Translation into Italian
The Italian Language tends to be pushed aside, to the advantage of other European languages such as English and French. This does not take anything away from its beauty or the interest surrounding it, and it is still widely used in the field of translation.
Italian Around the World
In addition to the approximately 60 million inhabitants of Italy, many Italian speakers are scattered around the world. In Europe, for example, the Republic and Canton of Ticino, with a total population of about 290,000, has Italian as its official language. The same goes for the Vatican (for which Latin is the first official language). Croatia and Slovenia are home to Italian-speaking communities.
Once the Roman Age came to an end, Italy was not a great coloniser like Great Britain. However, when the United States started to become an immigration hub, a large number of Italians formed several communities, namely in Rhode Island, New York, New Jersey Florida, Connecticut and Massachusetts. Nowadays, there are approximately 18 million Italian Americans in total.
Italian migrants have also settled in Brazil, Argentina and Uruguay, with a total of about 50 million Italians speakers in South America.
Italian in the Professional Sphere
Italian is above all a language of international trade and commerce. This is due in particular to the fact that Italy has a substantial presence in the commercial field. It is the fourth richest European country and has the eighth strongest economy in the world. The country boasts some of the world’s leading brands of products, to name but a few: Fiat in the automotive industry, Dolce Gabanna for luxury ready-to-wear fashion and Ferrero Rocher and Nutella in the food industry.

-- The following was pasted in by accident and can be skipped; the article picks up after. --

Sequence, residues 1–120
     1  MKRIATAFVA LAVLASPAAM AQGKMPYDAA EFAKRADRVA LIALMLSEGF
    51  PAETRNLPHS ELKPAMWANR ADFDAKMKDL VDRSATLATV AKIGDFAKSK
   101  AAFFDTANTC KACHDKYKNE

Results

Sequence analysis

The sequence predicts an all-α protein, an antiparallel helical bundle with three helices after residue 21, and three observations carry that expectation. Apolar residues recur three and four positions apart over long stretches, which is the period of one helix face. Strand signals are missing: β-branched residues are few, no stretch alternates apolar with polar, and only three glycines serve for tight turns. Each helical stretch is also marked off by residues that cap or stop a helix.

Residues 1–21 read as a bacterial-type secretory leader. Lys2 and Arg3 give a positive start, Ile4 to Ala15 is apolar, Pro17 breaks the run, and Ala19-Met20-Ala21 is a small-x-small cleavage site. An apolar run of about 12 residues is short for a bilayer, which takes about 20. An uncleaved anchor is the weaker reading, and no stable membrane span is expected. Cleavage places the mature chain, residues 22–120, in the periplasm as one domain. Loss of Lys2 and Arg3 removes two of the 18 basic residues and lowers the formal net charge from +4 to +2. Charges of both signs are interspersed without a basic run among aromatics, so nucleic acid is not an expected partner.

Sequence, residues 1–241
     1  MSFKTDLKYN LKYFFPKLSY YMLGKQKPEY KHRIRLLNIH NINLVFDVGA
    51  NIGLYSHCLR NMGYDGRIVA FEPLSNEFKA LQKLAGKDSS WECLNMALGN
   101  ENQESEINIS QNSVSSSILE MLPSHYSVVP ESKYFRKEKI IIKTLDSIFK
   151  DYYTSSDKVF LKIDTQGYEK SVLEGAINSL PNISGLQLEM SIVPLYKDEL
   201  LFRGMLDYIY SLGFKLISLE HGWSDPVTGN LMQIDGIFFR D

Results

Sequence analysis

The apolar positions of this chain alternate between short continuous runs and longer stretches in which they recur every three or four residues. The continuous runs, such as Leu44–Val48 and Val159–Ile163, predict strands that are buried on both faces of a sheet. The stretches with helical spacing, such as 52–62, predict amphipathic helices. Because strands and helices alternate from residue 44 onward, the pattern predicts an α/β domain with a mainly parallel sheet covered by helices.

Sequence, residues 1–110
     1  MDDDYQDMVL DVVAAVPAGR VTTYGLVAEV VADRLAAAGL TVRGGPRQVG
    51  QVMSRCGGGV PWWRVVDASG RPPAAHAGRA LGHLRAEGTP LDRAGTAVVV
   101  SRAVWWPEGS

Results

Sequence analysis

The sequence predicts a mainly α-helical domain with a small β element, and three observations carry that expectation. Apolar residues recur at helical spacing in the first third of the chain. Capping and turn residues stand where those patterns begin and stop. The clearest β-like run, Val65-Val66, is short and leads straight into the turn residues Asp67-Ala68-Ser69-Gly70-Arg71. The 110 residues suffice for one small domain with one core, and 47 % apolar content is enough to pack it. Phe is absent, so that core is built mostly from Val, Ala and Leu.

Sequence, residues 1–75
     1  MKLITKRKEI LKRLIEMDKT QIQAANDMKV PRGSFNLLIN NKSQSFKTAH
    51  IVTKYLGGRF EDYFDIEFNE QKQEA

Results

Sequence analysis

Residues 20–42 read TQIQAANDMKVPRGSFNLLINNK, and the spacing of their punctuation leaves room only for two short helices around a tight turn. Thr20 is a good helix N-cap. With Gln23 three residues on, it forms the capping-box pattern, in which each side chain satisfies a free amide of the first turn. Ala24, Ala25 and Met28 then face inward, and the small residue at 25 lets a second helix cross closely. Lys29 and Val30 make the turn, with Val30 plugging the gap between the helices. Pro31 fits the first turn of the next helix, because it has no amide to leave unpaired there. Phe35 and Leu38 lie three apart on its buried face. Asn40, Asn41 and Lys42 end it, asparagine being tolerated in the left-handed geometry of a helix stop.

Italian, being the language of culture and tourism, inevitably brings us to Leonardo di Vinci and Botticelli. The Greco-Roman civilisations have left behind a heritage that the mastery of the Italian language makes it easier to understand.
Subtleties of the Italian Language
Italian is, at first glance, very easy to read. Each letter is pronounced. As French and Italian are both romance languages, sometimes it is easy to guess the meaning of an Italian word without being an Italian-speaker.
However, being able to Speak Italian is still essential, even if it is only to understand that ‘colazione’ is not a snack, but a breakfast. To give an example of another ‘false friend’, ‘il cancro’ does not mean dunce, but cancer; an inversion of letters changes the meaning of the world completely. When someone offers you a ‘regalo’, this is not a kind of food, but a present. A person’s ‘riposta’ is not a retaliation, but an answer.